Funding details: LTU, Luleå Tekniska Universitet; Funding details: Bio4Energy, Energimyndigheten; Funding details: NSF, National Science Foundation; Funding details: MTA, Magyar Tudományos Akadémia; Funding details: SU, Stockholms Universitet; Funding details: Knut och Alice Wallenbergs Stiftelse; Funding text: The authors wish to acknowledge the PEBG project financed by the Swedish Energy Agency , IVAB , Sveaskog and Smurfit Kappa Kraftliner . The Bio4Energy, a strategic research environment appointed by the Swedish goverment. The Swedish Center for Gasification financed by the Swedish Energy Agency and the member companies. Pal Toth is thankful for the support of the Bolyai Scholarship of the Hungarian Academy of Sciences, and Kjell Jansson to the Knut and Alice Wallenberg foundation for support to the electron microscope facility at MMK, Stockholm University. Prof. Marcus Öhman, Luleå University of Technology is also acknowledged for discussions regarding the inorganic phase of the particles and Esbjörn Pettersson, RISE ETC AB is acknowledged for sampling of the particles during the experiments. This material is based upon work while Dr. Lighty served at the National Science Foundation. Any opinions, findings, and conclusions expressed in this publication are those of the authors and do not necessarily reflect the views of the National Science Foundation.

Available from: 2018-02-12 Created: 2018-02-12 Last updated: 2019-06-18Bibliographically approved
Sophonrat, N., Sandström, L., Zaini, I. N. & Yang, W. (2018). Stepwise pyrolysis of mixed plastics and paper for separation of oxygenated and hydrocarbon condensates. Applied Energy, 229, 314-325
Open this publication in new window or tab >>Stepwise pyrolysis of mixed plastics and paper for separation of oxygenated and hydrocarbon condensates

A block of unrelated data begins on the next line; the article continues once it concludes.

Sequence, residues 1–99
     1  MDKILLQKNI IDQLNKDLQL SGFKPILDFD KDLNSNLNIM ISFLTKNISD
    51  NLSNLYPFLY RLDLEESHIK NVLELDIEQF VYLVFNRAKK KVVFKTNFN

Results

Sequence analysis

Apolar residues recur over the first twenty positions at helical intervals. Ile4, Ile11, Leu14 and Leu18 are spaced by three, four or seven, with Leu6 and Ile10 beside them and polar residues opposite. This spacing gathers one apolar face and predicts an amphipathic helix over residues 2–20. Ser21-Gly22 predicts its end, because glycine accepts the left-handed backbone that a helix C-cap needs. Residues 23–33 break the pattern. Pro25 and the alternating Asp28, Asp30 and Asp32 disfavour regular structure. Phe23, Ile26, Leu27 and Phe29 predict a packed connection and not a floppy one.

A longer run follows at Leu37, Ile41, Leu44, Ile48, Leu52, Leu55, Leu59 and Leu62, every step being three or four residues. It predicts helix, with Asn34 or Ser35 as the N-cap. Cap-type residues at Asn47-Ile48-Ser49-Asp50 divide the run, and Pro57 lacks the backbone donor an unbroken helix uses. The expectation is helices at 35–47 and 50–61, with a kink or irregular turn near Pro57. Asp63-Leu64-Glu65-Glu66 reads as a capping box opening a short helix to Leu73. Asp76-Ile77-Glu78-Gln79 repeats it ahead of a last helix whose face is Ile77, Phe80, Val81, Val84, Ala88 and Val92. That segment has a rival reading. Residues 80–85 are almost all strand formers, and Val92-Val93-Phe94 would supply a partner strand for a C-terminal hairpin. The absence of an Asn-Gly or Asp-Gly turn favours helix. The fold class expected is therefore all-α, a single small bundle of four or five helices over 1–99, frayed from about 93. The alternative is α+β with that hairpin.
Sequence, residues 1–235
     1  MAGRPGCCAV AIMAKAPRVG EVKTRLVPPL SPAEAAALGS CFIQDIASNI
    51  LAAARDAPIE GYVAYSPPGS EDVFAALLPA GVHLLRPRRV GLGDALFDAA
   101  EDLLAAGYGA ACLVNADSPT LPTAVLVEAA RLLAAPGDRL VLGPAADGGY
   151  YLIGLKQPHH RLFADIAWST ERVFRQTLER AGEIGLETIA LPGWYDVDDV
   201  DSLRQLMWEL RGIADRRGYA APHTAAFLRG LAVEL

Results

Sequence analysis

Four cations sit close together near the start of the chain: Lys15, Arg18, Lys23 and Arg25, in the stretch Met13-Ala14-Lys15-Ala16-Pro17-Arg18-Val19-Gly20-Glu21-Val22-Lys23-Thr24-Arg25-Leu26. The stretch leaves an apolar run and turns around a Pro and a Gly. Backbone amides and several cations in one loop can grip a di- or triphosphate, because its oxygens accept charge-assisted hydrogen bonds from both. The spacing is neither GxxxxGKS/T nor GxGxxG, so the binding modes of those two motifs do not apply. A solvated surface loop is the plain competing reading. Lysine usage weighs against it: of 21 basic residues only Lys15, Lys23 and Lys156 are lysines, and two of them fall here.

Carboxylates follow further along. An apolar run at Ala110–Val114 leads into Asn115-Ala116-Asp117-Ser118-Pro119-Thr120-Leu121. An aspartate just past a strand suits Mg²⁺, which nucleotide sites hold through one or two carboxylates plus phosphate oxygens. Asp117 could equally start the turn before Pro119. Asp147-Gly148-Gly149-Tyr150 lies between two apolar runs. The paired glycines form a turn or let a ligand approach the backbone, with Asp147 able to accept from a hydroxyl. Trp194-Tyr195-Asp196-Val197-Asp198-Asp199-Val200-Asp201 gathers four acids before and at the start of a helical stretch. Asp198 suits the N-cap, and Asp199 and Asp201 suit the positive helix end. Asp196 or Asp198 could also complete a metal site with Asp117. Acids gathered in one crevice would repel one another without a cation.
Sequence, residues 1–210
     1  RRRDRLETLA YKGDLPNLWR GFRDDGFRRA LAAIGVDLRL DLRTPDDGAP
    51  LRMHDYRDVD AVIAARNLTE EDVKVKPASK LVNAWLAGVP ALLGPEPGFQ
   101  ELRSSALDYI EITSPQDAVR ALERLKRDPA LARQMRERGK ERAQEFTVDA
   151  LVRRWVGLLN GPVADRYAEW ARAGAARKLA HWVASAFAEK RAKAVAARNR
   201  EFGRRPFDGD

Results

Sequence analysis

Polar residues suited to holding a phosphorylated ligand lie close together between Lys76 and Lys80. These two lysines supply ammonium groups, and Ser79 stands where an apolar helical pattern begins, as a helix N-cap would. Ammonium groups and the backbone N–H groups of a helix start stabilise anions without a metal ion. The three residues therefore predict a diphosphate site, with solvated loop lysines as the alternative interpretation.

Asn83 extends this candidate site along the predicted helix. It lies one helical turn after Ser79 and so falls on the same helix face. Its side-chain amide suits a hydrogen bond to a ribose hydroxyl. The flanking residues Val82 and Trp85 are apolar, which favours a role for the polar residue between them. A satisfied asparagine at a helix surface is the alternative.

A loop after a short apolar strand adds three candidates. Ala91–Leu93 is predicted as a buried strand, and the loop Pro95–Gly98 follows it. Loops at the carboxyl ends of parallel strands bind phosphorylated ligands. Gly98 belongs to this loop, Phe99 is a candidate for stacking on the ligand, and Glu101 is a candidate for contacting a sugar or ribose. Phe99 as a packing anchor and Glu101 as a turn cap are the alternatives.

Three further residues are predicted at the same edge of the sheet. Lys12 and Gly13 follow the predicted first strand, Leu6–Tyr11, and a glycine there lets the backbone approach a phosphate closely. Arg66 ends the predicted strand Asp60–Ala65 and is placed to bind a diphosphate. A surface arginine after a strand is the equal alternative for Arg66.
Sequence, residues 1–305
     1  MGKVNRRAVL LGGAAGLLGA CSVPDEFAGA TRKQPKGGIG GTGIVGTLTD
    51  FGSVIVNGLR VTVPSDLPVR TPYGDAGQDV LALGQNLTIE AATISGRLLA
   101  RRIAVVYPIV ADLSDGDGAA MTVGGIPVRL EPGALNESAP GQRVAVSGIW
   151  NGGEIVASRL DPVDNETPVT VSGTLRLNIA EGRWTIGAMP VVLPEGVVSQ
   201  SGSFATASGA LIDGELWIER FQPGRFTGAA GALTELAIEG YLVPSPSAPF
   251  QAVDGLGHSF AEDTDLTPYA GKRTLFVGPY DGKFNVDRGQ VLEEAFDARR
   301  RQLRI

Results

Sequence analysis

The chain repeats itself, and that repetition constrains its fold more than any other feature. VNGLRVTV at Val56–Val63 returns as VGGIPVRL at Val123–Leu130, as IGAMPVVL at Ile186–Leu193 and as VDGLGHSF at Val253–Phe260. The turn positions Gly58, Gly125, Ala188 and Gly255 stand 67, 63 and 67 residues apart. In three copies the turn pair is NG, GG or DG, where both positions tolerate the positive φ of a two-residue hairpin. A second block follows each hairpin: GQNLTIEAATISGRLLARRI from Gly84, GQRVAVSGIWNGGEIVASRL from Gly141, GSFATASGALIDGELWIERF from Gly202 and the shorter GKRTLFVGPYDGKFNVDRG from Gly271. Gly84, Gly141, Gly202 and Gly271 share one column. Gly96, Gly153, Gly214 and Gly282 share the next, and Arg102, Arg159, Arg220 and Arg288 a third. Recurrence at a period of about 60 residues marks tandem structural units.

2018 (English)In: Applied Energy, ISSN 0306-2619, E-ISSN 1872-9118, Vol. 229, p. 314-325Article in journal (Refereed) Published
Abstract [en]

Mixed plastics and papers are two of the main fractions in municipal solid waste which is a critical environmental issue today. Recovering energy and chemicals from this waste stream by pyrolysis is one of the favorable options to achieve a circular economy. While pyrolysis products from plastics are mainly hydrocarbons, pyrolysis products from paper/biomass are highly oxygenated. The different nature of the two pyrolysis products results in different treatments and applications as well as economic values. Therefore, separation of these two products by multi-step pyrolysis based on their different decomposition temperatures could be beneficial for downstream processes to recover materials, chemicals and/or energy. In this work, stepwise pyrolysis of mixed plastics and paper waste was performed in a batch type fixed bed reactor using two different pyrolysis temperatures. Neat plastic materials (polystyrene, polyethylene) and cellulose mixtures were used as starting materials. Then, the same conditions were applied to a mixed plastics and paper residue stream derived from paper recycling process. The condensable products were analyzed by GC/MS. It was found that pyrolysis temperatures during the first and second step of 350 and 500 °C resulted in a better separation of the oxygenated and hydrocarbon condensates than when a lower pyrolysis temperature (300 °C) was used in the first step. The products from the first step were derived from cellulose with some heavy fraction of styrene oligomers, while the products from the second step were mainly hydrocarbons derived from polystyrene and polyethylene. This thus shows that stepwise pyrolysis can separate the products from these materials, although with some degree of overlapping products. Indications of interaction between PS and cellulose during stepwise pyrolysis were observed including an increase in char yield, a decrease in liquid yield from the first temperature step and changes in liquid composition, compared to stepwise pyrolysis of the two materials separately. A longer vapor residence time in the second step was found to help reducing the amount of wax derived from polyethylene. Results from stepwise pyrolysis of a real waste showed that oxygenated and acidic products were concentrated in the liquid from the first step, while the product from the second step contained a high portion of hydrocarbons and had a low acid number.